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Congressman Pedro R.

Pierluisi Introductory Statement Alternative Energy: Lessons from Spain Briefing December 3, 2009 Good morning. And welcome to all of you.

As co-chairman of the Congressional Friends of Spain Caucus, I want to begin by thanking everyone for joining us this morning to hear from several experts in the field of renewable energy. We are fortunate to have with us representatives from the Real Instituto Elcano, the Embassy of Spain, the Select Committee on Energy Independence and Global Warming, and the Congressional Research Service.

I hope you will allow me a brief word of background about the Friends of Spain Caucus, which I am privileged to co-chair with Congressman Mario Diaz-Balart. The Caucus is in its infancy, having been established in the 110th Congress by Luis Fortuño—my predecessor as Resident Commissioner and the current governor of Puerto Rico—and by Congressman Xavier Becerra. The goal of the Caucus is to bring together members from both parties to strengthen political, economic, and cultural ties between the United States and Spain.

Spain’s Plan has established standards for energy development in Spain. which I believe have particular potential on the always sunny and very breezy island of Puerto Rico. Our discussion today is timely because the Select Committee on Energy Independence and Global Warming estimates that. and are excited to have with us Juan Jose Sanchez Dominguez. now generating nearly 25 percent of its electricity from renewable sources. policy advisor to the Spanish Secretary of State for Climate Change. a significant amount of their energy consumption derives from this source. Today. with the goal that the country generate nearly 30 percent of its energy from renewable sources by the end of 2010. the United States generates only 7 percent of its electricity from these sources. It is imperative that we analyze successful models as we design and build a new infrastructure for obtaining energy. I believe there is a consensus among scientists and policymakers in both countries regarding the need to diversify energy sources through the establishment of sensible and well-rounded energy policies. Spain and the United States depend heavily on oil as a source of energy.Our two nations share a commitment to developing energy-efficient technologies. I am particularly looking forward to hearing about Spain’s focus on solar and wind technology. Joining us to discuss whether and how Spain’s policies can be applied in the United States are Richard Campbell. we seek to explore the policies that have helped Spain develop such a vibrant alternative energy sector. from the . and reducing dependency on foreign oil. over the next twenty years. by contrast. creating green jobs. His presentation will explain the Spanish Renewable Energy Plan. Since its creation in 2005. Spain has been at the forefront of this effort.5 trillion dollars in its power sector. the United States will invest $1.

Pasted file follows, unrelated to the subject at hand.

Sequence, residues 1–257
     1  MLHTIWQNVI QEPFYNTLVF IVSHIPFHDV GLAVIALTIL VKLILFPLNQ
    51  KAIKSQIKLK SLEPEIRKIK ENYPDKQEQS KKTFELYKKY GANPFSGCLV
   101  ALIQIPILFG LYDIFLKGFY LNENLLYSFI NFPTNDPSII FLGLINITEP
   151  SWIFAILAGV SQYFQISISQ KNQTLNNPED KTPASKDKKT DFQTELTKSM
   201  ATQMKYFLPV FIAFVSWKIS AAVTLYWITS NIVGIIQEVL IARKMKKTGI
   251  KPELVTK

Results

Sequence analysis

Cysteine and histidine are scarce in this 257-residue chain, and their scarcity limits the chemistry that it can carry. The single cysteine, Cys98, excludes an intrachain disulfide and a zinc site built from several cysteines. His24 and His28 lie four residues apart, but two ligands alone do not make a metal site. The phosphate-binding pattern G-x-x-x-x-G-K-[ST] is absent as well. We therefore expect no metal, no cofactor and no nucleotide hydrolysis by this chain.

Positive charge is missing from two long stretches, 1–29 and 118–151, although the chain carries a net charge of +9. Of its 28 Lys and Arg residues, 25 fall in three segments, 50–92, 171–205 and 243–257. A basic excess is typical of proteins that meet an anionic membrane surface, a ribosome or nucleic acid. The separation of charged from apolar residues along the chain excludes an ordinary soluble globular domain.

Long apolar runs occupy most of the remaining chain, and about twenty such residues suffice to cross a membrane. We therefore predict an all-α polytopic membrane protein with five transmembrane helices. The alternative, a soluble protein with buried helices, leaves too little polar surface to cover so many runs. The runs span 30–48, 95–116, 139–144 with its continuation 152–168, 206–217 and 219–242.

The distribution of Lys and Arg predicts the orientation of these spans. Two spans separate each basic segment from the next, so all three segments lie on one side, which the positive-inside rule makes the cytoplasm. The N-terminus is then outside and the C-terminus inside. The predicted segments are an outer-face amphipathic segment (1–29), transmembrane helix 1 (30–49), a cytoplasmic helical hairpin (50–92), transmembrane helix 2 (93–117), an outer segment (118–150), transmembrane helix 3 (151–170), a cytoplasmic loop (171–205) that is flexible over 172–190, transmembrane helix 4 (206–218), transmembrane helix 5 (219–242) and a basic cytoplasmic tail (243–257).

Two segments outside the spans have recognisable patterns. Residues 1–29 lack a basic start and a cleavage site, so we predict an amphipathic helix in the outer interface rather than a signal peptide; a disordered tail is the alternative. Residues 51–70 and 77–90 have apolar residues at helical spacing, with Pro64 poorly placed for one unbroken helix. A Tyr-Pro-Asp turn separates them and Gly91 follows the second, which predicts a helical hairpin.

Congressional Research Service. for the Institute of Energy Research. Jonathan Phillips. Thank you again. . from the Select Committee. and I hope you will find today’s exchange of ideas useful and enjoyable. and Robert Murphy. I am grateful for the panelists’ participation in this briefing.